Posts Tagged ‘block’

Ruby Enumerable Magic: The Basics

November 30, 2010

  1. The Basics
  2. Unary Ampersand Operator
  3. Booleans
  4. Filters
  5. New Collections
  6. Aggregates
 

You’re probably familiar with Ruby’s Enumerable module, even if you don’t know it by that name. It adds neat methods to arrays, like map, inject, select, and so on. You might have thought (like I did for a long time) that these methods were *array* methods, but they’re not.

Ruby’s arrays use Enumerable, and you can as well, in any class you want. Of course, the class should represent a collection of things, or all the iterative methods in Enumerable wouldn’t make much sense. Let’s say we have a Team class, that manages a group of members:

class Team
  include Enumerable
  
  attr_accessor :members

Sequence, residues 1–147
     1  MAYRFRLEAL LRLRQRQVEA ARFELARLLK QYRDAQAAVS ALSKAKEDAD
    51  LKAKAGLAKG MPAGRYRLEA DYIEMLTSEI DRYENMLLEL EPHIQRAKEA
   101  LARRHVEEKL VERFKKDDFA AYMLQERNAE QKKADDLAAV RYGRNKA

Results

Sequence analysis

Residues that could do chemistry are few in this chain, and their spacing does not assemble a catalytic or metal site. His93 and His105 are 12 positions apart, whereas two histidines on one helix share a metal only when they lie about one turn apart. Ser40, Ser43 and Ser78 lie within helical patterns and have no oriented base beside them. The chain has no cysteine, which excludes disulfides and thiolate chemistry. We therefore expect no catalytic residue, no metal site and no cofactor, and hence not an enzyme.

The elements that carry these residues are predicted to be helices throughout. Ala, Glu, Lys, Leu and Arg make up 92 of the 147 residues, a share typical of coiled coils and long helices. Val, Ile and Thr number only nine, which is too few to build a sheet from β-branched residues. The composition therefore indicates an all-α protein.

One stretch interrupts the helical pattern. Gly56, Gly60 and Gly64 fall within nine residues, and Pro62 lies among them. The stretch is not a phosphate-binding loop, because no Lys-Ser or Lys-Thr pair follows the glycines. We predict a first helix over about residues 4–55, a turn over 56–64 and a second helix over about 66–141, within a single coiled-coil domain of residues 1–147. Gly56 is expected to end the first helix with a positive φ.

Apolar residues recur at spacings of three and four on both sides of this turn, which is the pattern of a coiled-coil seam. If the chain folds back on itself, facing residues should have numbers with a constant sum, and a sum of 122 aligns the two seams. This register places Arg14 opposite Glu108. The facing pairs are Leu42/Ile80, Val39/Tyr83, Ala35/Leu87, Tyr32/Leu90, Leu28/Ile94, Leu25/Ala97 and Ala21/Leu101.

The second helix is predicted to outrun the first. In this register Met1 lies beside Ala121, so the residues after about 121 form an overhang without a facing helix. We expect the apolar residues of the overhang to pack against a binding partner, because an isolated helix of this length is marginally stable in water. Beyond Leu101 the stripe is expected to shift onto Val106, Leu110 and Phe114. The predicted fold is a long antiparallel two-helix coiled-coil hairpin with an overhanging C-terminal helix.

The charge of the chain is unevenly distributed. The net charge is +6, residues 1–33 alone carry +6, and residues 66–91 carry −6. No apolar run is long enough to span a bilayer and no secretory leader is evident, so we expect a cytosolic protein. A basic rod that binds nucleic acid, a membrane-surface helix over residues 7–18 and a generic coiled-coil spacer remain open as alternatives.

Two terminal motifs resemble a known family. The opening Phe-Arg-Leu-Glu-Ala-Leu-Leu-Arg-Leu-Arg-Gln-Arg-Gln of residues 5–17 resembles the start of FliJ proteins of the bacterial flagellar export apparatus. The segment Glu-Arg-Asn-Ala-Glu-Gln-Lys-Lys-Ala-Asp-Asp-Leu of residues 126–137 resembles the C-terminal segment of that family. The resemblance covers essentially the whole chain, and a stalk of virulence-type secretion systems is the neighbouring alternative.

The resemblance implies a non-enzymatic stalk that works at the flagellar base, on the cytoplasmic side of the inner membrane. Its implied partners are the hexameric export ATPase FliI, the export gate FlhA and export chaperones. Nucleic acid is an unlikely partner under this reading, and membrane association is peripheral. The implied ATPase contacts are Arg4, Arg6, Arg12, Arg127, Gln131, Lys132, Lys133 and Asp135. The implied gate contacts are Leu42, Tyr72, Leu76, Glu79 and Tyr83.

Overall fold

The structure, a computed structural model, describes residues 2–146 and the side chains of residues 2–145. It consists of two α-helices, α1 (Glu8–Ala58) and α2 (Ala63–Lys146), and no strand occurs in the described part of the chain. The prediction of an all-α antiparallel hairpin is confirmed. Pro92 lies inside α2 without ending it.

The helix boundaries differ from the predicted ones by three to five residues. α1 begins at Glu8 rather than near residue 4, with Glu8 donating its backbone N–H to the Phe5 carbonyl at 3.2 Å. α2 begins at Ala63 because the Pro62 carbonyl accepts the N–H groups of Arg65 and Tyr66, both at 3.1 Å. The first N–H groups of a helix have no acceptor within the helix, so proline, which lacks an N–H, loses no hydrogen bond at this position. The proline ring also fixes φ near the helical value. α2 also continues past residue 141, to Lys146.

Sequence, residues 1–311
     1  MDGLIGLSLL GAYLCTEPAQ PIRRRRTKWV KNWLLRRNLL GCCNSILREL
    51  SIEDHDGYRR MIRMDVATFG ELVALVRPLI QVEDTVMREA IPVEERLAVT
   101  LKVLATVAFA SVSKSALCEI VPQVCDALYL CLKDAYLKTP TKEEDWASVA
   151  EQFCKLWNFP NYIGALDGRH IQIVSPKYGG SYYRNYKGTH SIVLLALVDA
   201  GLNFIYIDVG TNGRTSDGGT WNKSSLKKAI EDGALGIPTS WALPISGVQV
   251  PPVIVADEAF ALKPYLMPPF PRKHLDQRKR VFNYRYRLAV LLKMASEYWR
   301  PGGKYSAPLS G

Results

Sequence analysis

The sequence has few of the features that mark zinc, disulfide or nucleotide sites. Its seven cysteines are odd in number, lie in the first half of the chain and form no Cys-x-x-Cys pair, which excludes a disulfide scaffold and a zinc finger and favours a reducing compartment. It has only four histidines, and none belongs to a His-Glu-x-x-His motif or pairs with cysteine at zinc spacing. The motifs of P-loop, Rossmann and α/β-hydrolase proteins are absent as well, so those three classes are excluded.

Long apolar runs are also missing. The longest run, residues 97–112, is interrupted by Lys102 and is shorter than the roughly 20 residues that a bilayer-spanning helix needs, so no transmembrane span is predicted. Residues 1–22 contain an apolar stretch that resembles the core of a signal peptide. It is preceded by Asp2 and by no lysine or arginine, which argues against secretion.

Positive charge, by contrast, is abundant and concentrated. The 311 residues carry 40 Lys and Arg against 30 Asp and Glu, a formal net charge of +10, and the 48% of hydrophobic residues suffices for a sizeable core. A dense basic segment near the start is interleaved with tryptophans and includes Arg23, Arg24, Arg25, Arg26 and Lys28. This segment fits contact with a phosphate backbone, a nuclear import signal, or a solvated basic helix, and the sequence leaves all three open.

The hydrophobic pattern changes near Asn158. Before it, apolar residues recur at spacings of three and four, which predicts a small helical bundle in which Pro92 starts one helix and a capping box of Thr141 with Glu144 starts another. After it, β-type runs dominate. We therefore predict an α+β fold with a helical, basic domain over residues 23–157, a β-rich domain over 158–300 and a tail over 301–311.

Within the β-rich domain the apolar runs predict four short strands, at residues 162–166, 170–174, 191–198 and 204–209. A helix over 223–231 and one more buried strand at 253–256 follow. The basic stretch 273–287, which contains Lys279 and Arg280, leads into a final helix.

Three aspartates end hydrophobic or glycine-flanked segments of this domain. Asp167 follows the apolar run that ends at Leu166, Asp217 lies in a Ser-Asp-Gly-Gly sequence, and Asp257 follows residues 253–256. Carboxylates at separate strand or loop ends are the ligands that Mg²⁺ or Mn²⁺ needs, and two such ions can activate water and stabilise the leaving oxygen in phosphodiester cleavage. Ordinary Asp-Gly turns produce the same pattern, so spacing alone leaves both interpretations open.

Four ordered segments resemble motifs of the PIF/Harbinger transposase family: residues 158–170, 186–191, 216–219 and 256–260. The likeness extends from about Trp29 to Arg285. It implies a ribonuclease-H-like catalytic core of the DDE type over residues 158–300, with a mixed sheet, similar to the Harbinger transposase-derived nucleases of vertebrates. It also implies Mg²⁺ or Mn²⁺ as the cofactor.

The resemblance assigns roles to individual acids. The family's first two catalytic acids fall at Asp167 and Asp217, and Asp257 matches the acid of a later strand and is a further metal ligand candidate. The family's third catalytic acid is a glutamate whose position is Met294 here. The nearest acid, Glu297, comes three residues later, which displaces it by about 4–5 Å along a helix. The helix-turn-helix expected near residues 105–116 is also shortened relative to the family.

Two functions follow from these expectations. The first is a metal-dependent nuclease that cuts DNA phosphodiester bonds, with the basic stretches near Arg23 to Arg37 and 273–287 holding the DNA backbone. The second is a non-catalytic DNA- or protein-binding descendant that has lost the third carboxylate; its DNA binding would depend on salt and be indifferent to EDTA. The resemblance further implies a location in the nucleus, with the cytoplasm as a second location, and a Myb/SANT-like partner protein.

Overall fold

def initialize
    @members = []
  end
  
  def each &block
    @members.each{|member| block.call(member)}
  end
end

Enumerable requires that your class contain an each method that serves up the items in the collection. All the other Enumerable methods rely on this. Now we can use the map method, for instance:

irb(main):001:0> require 'team.rb'
=> true
irb(main):002:0> team = Team.new
=> #<Team:0x100391088 @members=[]>
irb(main):003:0> team.members = ['joshua', 'gabriel', 'jacob']
=> ["joshua", "gabriel", "jacob"]
irb(main):004:0> team.map{|member| member.capitalize}
=> ["Joshua", "Gabriel", "Jacob"]

Now we can call any Enumerable methods on our team itself, and it will assume we want to work with the members array within. Enumerable can be a powerful mix-in to your own classes. We can even take this a step further, and clean up our call to map:

team.map(&:capitalize)

If you haven’t seen this before, it’s called the unary ampersand operator, and it’s the subject of my next post.


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